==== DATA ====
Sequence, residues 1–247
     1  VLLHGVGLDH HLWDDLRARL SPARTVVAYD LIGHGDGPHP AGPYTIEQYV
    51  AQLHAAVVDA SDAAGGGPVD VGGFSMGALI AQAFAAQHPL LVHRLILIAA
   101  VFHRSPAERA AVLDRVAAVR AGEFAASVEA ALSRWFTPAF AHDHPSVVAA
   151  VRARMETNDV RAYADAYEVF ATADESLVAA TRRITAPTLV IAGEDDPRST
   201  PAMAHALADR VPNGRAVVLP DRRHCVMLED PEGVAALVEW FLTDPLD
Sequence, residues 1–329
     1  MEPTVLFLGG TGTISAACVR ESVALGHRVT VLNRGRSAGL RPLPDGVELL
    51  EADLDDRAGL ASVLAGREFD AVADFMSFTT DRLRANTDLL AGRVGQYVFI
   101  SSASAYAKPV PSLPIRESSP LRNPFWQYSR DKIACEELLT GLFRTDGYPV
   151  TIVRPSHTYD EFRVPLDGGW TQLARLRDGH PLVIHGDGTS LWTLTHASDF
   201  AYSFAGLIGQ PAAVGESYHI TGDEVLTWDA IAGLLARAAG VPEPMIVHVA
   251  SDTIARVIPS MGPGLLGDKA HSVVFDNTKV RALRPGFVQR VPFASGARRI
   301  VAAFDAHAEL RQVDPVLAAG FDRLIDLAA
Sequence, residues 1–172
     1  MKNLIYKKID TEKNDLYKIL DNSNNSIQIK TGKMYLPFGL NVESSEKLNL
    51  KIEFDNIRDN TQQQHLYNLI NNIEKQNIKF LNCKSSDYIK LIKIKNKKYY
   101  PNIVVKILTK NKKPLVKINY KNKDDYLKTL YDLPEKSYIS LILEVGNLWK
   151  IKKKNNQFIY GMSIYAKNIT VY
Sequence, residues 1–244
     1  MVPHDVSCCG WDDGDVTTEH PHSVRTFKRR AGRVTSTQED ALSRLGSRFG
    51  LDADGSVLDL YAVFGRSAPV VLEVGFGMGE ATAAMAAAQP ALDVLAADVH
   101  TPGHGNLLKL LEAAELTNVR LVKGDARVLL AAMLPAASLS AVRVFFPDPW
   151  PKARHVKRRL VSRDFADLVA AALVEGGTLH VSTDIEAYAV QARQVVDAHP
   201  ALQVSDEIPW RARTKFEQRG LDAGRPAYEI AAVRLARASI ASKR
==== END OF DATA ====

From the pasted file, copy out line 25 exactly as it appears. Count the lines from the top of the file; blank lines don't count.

   201  ALQVSDEIPW RARTKFEQRG LDAGRPAYEI AAVRLARASI ASKR